September 28, 2014

EQUINOX COLOR AND A NEW SEASON BEGINS

ZINNIA'S ARE IN SUCH ABUNDANCE, THAT THEY CAN JUST BE CUT TO DO THINGS LIKE THIS!
'ZINNIA OKLAHOMA MIX' FROM JOHNNY'S SELECTED SEEDS, DIRECT SOWN IN JULY

IN THE GARDEN

 Ahhh - September. Cold mornings, dewey grass, hot and dry days, and then cool evenings. Aside from the yellow jackets, there is little not to love about September in New England, or anywhere in the northern hemisphere for that matter. In the garden, much is ending, the tomatoes are just about done (but surprisingly, there are still enough on the vines so that I need to pick them every day - have you found that out too?). Peppers and eggplants are in their season - really, how many peppers are enough? With out dry weather ( 5th driest September in recorded history in New England) many of our hot peppers are showing some cracks, just woody cracks that are more visually stressful than anything else, but most are not picture perfect - at least for a fancier blog or magazine shot (OK for us though!).


THE TREE PEPPERS IN THE MIDDLE HERE ARE 'LUNCHBOX' MIXED, FROM JOHNNY'S SELECTED SEEDS


I only grew three types of peppers this year, Jalapeño ( for salsa which make about every three days - a little crazy for Mexican food lately!), and worth mentioning - a great blend of peppers from Johnny's Selected Seed called Lunchbox mix (this is not a product placement nor a sponsored post BTW - I only mentioned Johnny's because I trust them and honestly order from them), Lunchbox mix, an organic mix of sweet snack peppers produces the sweetest peppers that actually have flavor without the bit. Your kids would love them, as they are nearly as sweet a candy. Surprisingly, the plants are ornamental too ( I grew mine in containers and in the garden, but the container plants grew the best, but they may be a little tall for most small plantings - the plants reached 3 feet tall. I will grow them again. Oh, the Jalapeno's are also from Johnny's -  'El Jefe' on the left and 'Concho' on the right. I really didn't fuss over them, they had to fend for themselves in some raised beds out behind the greenhouse.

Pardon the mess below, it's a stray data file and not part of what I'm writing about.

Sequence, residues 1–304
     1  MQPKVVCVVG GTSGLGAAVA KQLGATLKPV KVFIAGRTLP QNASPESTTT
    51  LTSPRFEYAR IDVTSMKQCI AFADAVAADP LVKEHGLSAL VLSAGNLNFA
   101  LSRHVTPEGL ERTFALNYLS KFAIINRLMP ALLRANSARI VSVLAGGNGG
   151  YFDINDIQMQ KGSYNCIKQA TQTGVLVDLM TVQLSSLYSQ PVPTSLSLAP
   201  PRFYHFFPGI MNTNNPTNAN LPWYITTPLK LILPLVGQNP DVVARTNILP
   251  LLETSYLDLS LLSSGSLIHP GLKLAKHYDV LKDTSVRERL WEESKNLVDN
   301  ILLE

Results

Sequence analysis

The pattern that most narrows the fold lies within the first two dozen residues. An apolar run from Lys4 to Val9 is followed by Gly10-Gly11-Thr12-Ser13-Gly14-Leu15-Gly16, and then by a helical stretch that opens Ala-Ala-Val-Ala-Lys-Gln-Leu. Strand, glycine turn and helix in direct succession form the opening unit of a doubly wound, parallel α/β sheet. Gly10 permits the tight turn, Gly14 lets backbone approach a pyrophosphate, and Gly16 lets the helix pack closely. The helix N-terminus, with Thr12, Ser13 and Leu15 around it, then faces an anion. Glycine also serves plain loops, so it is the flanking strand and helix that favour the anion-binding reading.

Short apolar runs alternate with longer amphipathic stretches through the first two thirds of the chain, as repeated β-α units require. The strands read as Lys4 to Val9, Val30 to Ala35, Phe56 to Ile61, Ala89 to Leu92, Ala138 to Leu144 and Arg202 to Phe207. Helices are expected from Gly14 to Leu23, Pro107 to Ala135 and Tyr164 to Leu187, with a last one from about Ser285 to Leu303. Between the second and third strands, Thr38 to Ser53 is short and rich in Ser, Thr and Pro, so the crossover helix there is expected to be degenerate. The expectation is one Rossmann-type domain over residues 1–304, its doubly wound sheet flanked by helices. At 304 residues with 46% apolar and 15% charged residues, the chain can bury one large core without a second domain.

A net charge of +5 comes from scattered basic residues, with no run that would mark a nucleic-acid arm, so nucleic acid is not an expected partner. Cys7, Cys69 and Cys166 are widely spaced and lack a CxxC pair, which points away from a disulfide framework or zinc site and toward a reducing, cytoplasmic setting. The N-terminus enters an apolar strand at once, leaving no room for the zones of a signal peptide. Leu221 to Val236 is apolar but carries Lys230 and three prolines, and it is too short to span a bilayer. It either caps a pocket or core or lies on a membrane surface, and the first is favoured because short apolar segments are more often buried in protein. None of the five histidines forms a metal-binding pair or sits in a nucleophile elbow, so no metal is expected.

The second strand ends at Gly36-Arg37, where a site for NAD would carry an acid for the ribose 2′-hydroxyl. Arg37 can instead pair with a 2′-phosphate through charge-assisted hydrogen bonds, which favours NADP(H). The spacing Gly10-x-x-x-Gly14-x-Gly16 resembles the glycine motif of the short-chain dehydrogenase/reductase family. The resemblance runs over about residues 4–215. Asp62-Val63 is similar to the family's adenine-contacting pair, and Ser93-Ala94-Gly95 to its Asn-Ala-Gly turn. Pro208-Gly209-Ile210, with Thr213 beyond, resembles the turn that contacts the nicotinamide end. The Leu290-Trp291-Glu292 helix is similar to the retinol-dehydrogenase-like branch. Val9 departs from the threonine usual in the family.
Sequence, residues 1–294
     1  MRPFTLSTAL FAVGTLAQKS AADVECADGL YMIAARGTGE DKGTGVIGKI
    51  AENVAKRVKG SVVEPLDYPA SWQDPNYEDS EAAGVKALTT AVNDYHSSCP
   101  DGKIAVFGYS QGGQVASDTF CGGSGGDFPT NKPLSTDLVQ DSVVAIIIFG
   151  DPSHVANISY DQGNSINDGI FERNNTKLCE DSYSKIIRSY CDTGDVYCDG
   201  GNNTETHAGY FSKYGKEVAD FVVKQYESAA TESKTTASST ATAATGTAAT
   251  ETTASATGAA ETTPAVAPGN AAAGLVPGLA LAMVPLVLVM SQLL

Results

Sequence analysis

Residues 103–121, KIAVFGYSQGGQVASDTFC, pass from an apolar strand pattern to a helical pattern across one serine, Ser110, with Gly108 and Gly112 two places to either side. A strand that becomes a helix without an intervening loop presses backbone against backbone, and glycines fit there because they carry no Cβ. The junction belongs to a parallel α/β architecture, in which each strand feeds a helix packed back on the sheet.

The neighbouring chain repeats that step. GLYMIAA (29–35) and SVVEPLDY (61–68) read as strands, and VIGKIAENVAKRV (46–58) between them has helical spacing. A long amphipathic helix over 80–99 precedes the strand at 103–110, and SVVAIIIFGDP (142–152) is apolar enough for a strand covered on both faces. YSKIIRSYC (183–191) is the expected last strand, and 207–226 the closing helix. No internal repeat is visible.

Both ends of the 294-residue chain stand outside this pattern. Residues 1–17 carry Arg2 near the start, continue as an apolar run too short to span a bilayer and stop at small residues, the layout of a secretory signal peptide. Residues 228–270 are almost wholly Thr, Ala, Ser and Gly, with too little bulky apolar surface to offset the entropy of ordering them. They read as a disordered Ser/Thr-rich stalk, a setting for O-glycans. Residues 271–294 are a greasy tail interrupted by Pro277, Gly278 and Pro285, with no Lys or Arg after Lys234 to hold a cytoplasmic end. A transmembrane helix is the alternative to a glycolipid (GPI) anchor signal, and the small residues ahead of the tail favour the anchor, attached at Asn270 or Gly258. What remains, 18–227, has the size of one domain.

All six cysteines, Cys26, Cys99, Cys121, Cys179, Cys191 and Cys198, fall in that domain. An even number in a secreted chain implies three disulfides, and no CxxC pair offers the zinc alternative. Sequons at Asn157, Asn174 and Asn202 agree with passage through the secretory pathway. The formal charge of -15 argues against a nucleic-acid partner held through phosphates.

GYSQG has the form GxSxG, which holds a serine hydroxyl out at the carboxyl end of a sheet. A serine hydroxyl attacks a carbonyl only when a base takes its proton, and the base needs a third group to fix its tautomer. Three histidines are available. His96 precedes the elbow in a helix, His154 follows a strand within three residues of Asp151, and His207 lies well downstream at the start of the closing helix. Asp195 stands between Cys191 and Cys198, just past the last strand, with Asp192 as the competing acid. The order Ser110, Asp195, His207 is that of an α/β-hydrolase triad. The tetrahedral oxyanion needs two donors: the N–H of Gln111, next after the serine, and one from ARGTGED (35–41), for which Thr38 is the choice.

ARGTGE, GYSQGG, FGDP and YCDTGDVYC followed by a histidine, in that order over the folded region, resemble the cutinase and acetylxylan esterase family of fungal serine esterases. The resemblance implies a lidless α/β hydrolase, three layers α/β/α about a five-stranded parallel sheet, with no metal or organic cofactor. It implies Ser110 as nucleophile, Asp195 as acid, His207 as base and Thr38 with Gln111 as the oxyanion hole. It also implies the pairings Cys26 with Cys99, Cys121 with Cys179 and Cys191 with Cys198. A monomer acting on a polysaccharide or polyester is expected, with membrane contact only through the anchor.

Zinnias seem to make it into my garden every year  my mom used to grow many, for the house and for church (when we went to church! Eeek). Today, I grow them for both the nostalgia and of course, their awesomeness. I particular like like the small flowered types with tall, tall stems, like 'Oklahoma'. Forget about sowing them indoors in the spring, because you will never get those tall stems, at least not as tall as those from plants that come from seeds sown directly into the garden in late June or early July. I sowed my zinnias around the 4th of July, and in four weeks I have flowers to pick, and now - near October, I have enough  to make a carpet with, if I so wished. There is something about these tall, small-flowered zinnias  - their blend of colors, that reminds me of state fairs, or those bags of pom pons at the craft store, or better yet - jars of gum balls.



A WHITE HARDY CYCLAMEN HEDERIFOLIUM IN FULL BLOOM IN MY GREENHOUSE


IN THE GREENHOUSE

There is no stopping the arrival of autumn under glass. Nothing reminds us more that plants are alive, than their incredible ability to sense the shift of the seasons - no matter where they are from. In the greenhouse bulbous plants from Turkey, South Africa or other distinctly winter and summer rainfall areas that respectively, shift from a dry summer or winter, to a wet summer or winter, are all started to burst forth with growth. One would think that one could hold back this growth by withholding water or rainfall, but the triggers to seasonal growth is much more than just moisture - these plants can sense the day length shortening, the cooler night temperatures, the increased dew in the cold morning and other factors that I probably don't even know about yet.


THIS CYCLAMEN AFRICANUM IS MORE TENDER THAN C. HEDERIFOLIUM, ALTHOUGH IT LOOKS VERY SIMILAR.


I've noticed that my cyclamen collection ( all are species) presents a wide range variability especially with the quality of flowers each year. I know that winter fertilization can affect flower formation, but also such factors as summer moisture ( less for C. africanium, and more for C. graecum) can also affect floral display. I have been trying to repot the corms less often, to reduce root damage, and holding off on water until flower buds form in September or October. This year, everything is early - both under glass and outside. My first flowers began to appear on the cyclamen collection in early August, even without watering - in other years, the collection has bloomed as late as mid-October.